come up with on that is that they were looking at a nonserious problem. and it started to compound and develop into something more serious. so as a backup they may have put in let's say an alternate airport that they could potentially utilize. >> but one possibility is they didn't think it was serious enough to actually communicate that? >> correct. and they may have been involved with working on the problem and a professional flight crew, you're not going to detect necessarily something, like a concern in their voice or any sort of stress. >> mary, you also as people have been discussing the idea of terrorism, there are codes pilots can give in communications to indicate that there is some sort of attempt at a hijacking. if again this was entered 12 minutes before the final communication, there was no communication -- that final communication there was no indication of any attempt to take over the plane. >> right. and the key words for me are "at least." we've had lots of conflicting stories this week about what times things happened. >> at least 12 minutes. that's a wide window.
>> at least. and plus they could have entered it before. at this particular coordinate is there an airport, a wide and unobstructed airport? could it be an emergency if you have an emergency soon after takeoff on climb out? what's your alternative airports for emergency? we don't know when specifically it was entered. what's concerning to me or actually helpful, at the last hand off at the all right good night they didn't indicate any of the hijack codes. so that lessens my concern that they were being commandeered, that there was somebody in the cockpit. you'd have two opportunities to do that, the transponder and verbal code. >> michael, you broke the story at "the new york times" of that cold being entered into the system last night. nbc saying this was 12 minutes before the all right good night, how do you read that? to some it makes it even more likely this was a deliberate act. >> yeah. it certainly makes the issue of
foul play seem more significant. because by doing that, what it basically shows is that this thing was already headed in a different direction when they are saying good night and that just really kind of reinforces the whole notion that someone was trying to take it in a different place and take it down. but it still doesn't make sense that if this was a suicide mission, if this was a person who was just trying to take down the plane, why they didn't just put it in the ocean and why they took it in the other direction. so like everything on this story, we learn a little bit and then we just have more questions and i'm just kind of stumped myself. >> mary, the whole suicide thing you say based on past incidents of that it doesn't fit any kind >> no.file. i'm not surprised they didn't find anything at the pilots' homes. i've worked on many cases where the pilots were suspect. it turned out to be a mechanical and horrible problem. and i have a saying myself, sometimes an erratic flight path is heroism, not terrorism. and i always remind myself of that not to jump to that conclusion. sometimes pilots are fighting amazing battles and we never hear about it. >> there is also now a report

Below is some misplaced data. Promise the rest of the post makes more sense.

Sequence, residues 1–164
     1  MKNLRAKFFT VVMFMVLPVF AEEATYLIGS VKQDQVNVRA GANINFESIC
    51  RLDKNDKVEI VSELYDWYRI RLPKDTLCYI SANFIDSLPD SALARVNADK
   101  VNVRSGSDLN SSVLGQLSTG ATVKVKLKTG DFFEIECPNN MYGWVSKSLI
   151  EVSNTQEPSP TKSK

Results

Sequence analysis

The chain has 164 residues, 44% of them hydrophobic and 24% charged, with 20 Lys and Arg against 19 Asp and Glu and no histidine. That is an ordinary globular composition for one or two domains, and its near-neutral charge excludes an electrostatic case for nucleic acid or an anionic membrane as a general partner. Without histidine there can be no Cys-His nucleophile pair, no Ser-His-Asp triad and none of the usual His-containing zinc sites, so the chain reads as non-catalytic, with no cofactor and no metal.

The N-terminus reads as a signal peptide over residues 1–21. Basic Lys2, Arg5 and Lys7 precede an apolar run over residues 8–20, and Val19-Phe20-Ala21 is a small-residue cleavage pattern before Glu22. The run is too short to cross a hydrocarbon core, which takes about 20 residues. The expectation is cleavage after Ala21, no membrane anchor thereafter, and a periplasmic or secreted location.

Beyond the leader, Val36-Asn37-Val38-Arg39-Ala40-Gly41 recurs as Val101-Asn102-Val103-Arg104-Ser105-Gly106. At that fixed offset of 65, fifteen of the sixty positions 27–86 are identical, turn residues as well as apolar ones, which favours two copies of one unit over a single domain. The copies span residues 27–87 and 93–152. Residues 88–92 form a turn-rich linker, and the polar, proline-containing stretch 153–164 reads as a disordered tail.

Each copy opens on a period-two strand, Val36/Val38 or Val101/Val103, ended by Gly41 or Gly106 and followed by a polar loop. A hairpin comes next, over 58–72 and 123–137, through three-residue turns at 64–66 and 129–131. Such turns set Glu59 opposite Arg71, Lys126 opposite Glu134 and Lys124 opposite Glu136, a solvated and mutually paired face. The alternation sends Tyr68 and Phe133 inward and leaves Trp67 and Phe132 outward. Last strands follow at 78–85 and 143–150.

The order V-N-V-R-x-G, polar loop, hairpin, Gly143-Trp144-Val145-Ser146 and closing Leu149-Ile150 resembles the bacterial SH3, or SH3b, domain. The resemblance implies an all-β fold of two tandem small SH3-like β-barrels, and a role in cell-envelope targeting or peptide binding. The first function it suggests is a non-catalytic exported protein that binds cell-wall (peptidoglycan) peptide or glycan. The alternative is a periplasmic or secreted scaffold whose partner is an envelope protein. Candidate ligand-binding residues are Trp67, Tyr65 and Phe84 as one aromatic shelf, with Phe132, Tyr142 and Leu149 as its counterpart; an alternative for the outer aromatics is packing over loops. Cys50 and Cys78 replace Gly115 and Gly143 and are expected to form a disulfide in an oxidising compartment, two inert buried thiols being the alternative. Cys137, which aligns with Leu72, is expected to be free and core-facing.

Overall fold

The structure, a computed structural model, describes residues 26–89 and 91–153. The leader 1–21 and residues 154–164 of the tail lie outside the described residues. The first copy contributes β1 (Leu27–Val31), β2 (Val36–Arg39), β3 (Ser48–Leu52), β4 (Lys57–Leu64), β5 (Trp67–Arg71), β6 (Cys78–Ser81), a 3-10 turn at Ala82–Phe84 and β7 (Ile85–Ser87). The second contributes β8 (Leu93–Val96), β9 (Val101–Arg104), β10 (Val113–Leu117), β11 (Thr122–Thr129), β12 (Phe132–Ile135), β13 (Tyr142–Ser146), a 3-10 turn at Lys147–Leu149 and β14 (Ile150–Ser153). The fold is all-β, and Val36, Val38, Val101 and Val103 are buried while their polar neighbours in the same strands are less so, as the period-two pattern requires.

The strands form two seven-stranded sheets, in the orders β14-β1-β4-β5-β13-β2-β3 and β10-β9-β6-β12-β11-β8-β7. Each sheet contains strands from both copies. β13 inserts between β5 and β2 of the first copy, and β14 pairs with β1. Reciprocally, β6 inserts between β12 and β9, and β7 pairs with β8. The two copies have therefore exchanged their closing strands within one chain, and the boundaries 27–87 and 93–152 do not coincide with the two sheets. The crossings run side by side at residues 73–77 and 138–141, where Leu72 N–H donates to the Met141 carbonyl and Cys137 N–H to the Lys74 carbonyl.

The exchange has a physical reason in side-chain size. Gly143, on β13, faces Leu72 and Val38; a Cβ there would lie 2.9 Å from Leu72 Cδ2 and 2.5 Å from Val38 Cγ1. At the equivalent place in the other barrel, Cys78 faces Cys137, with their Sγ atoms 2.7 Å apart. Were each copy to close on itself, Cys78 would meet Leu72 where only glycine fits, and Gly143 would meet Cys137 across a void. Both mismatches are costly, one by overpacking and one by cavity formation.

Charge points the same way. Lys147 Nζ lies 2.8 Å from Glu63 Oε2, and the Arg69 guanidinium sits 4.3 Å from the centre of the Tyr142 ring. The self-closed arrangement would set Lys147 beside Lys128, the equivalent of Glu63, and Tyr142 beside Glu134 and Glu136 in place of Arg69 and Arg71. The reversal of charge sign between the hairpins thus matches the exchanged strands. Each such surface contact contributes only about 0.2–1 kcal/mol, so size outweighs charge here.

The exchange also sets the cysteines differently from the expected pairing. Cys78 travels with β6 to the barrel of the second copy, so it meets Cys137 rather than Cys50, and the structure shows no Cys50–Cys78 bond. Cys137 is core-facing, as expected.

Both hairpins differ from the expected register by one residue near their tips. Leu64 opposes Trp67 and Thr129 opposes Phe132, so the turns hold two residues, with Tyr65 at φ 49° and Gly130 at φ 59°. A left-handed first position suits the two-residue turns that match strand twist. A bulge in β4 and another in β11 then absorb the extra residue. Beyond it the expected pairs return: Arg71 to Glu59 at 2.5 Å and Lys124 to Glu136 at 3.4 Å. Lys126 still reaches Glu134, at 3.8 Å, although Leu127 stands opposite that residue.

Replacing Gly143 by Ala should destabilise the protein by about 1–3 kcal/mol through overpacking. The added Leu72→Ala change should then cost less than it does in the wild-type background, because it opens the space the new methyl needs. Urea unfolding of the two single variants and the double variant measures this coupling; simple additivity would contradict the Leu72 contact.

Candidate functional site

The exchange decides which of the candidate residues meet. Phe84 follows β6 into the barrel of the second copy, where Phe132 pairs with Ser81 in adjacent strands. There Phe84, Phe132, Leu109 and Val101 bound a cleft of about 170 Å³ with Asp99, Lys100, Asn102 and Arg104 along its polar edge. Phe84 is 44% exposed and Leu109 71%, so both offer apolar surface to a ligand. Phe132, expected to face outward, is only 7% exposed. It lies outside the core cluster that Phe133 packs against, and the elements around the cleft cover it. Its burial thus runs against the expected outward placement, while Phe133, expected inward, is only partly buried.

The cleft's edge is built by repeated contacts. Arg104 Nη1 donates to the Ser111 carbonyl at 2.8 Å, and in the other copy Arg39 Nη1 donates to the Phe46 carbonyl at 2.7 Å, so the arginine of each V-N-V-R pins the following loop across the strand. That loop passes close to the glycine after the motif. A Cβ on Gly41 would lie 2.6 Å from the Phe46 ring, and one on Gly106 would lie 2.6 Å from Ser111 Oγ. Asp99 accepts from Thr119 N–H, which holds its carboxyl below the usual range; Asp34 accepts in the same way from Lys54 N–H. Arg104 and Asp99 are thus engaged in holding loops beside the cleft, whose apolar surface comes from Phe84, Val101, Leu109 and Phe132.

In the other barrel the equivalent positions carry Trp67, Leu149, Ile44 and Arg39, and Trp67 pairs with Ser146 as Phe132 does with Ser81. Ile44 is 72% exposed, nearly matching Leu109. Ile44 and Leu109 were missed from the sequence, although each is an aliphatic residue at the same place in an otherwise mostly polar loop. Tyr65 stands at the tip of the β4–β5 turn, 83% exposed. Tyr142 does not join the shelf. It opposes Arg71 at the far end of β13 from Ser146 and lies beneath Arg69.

out of local media in the maldives that a number of eyewitnesss say they saw a plane heading in their direction. again these are eyewitness reports from the maldives. what do you make of it mary? >> i say go look. two scenarios, one a crime one a horrible accident. and if somebody saw something, it doesn't take long to rule it out. just like the fisherman's story, they saw wreckage there. go check it out. about four hours into the ocean. they could be soon out of fuel. do a fly over. let's rule out the things we know can't be. we know one thing from the thai radio report by the way. the report that came out today they said they did not enter thai air space. does that mean they weren't going north? i think so. >> unless you also -- there was also a report about another plane that had been contacted by authorities in vietnam to see if they could make contact with flight 370. to you, that's significant? >> yeah. my understanding is that that
airplane was about 30 minutes ahead which is a fair distance. and it's difficult -- the procedure that i was explaining before we went on air was that if the controllers are expecting an airplane at a certain spot, it seemed very compelling to me that they decided to attempt contact with the airplane. that means, where are they? in other words in their head they're saying, where is this airplane? so the first attempt would be to contact them on the frequency they were designated to be on. then they would attempt on the guard frequency, which is the emergency frequency. after that they would try to relay through another airplane. so it indicates to me that maybe the problem was developing but for that other airplane, it's not uncommon to not be able to contact them as a favor to air traffic control to relay information. so they probably just wrote it off as oh, we just can't get ahold of them. they're too far behind it. >> michael, you've been breaking a lot of stories on this. from what you understand, from your sources, all options are still on the table for